4. Unplug – Found yourself over-scrolling on social media after an already stressful day? In a world experiencing a lot of upheaval, sometimes the newsfeed can seem like one big doom-scroll that can be as addictive as it is stress-inducing. Try coming off socials for a bit or giving yourself a ‘digital sabbath’ (one day a week to unplug) and see how you feel.
  5. Talk things through – You know the old saying: a problem shared is a problem halved. It’s all very well to look on the bright side but sometimes unexpressed frustrations can help to create a sense of background stress and anxiety, which would be decompressed by having a good old vent, either to a friend or even perhaps a counsellor if needs be.
  6. Meditate – If you’ve never tried it, meditation might sound odd or even too good to be true. But neuroscientific research studies have demonstrated a link between regular meditation and superior brain health. What’s more, you don’t have to become a monk to feel the effects – just 5 or 10 minutes daily can make a difference. And if you don’t know your oms from your dhyanas and you’re not sure where to start, there are a ton of different apps and methods to suit varying tastes.
  7. Soak in a bubble bath – One of the simplest, most cost-effective ways to sneak in a sense of relaxation and luxury, a bubble bath with some scrummy salts is an old faithful, so try to find the time.
  8. Axe down the alcohol – Like excessive caffeine intake, end-of-the-day drinking often seems like the perfect in-the-moment coping mechanism. But it affects the central nervous system and is actually an stress-feeder. What’s more, studies have shown that drinking can hamper fertility, so it’s a very good idea to cut it right down or even out altogether, if you’re trying to get pregnant.
  9. Nix that nicotine – Like caffeine, nicotine is a stimulant, and research has demonstrated an association between nicotine consumption and increased anxiety. So while in the short-term, it feels like that vape or those cigarettes are helping to calm your stress, they could actually be creating stress in the first place.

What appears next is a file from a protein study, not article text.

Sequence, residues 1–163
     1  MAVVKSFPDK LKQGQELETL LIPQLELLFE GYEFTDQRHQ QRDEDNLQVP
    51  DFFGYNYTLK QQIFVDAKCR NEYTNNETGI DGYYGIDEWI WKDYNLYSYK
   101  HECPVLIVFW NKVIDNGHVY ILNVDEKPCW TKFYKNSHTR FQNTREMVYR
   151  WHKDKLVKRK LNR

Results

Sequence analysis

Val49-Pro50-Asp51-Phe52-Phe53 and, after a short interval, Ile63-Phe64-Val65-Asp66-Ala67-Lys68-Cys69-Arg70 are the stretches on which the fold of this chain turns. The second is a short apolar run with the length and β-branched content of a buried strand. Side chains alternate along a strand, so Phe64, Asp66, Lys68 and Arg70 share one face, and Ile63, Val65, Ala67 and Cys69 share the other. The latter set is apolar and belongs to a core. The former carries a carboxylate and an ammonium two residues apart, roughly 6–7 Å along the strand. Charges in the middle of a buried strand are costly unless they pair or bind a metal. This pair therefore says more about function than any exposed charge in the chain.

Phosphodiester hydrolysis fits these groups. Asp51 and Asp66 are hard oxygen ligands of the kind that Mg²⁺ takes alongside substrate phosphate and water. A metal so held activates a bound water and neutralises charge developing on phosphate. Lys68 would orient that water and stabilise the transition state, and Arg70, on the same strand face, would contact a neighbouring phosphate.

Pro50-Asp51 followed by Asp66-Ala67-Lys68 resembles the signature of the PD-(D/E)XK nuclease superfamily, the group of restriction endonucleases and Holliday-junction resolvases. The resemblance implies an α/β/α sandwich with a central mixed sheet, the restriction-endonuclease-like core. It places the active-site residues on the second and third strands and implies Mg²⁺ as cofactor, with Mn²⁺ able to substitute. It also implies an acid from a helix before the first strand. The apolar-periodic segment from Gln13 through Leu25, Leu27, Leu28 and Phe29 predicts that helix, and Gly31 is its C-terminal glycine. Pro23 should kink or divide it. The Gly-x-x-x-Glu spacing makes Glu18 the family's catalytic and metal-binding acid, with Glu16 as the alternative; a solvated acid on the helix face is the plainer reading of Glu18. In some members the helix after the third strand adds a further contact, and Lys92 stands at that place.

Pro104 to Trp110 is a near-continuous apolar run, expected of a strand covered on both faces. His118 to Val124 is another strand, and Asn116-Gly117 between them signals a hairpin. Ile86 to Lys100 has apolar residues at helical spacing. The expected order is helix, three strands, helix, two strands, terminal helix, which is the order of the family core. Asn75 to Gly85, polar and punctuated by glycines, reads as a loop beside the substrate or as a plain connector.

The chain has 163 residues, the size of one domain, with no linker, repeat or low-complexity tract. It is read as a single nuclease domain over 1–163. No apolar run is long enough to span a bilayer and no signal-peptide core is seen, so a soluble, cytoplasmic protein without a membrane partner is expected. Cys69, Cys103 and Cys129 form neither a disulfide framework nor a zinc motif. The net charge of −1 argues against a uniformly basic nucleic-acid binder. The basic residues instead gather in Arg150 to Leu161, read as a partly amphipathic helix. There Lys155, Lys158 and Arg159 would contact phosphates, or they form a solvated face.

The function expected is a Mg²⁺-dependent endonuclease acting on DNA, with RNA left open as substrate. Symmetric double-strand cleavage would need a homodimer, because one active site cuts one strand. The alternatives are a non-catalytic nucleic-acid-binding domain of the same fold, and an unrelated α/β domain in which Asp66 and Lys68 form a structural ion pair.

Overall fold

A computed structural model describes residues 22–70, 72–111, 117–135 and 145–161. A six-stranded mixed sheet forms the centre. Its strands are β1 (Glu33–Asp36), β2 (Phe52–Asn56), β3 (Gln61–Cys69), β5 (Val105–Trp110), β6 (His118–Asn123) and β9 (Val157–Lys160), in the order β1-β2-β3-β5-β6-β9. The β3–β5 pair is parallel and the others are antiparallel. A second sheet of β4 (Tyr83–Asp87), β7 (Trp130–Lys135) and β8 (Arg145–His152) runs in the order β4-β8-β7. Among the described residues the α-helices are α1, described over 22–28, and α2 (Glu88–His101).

10. Schedule a worry time or write in a worry journal – A certain amount of worry is normal, but when worry bleeds into work and play time it becomes unwieldy, creating more worry when it affects our productivity and focus. One method particularly popular with some practitioners of cognitive behavioural therapy (CBT) is to schedule a ‘worry time’ or keep a ‘worry journal’. That way, intrusive worries can be deferred to a walled-off time or place. Proponents of the practice say the mind is much more accepting of the command ‘don’t worry now’ than ‘don’t worry at all’. Worth a try!
  11. Get a fertility check – Many couples say that when they are trying for a baby it’s the not knowing that’s the worst: Will I get pregnant and if so, when? Is everything okay?

These questions can form a background hum creating stress before we know it. But getting a thorough fertility check puts an end to any nagging questions and saves you that most precious fertility resource of all: Time. Here at The Fertility and Gynaecology Academy our fertility screening is second to none. If there is a problem, we will find it, and explain in plain English what can be done about it. To find out more about how we can help, call The Fertility & Gynaecology Academy now on 020 7224 1880 or email info@fertility-academy.co.uk

Ultimately, stress relief is about finding what works for you. But approaching yourself with an attitude of kindness is sure to help. There’s no greater gift than a baby of your own and it’s normal to feel the pressure when you want something so much.

Been trying for a baby for a while, or nervous about trying a bit later in life? Want to check if everything is okay? A Fertility MOT Check can help you and your partner achieve clarity as to where you are in your journey towards conception. The Fertility and Gynaecology Academy has state of the art screening facilities and the UK’s leading fertility experts.

To find out more about how we can help, call The Fertility & Gynaecology Academy now on 020 7224 1880 or email info@fertility-academy.co.uk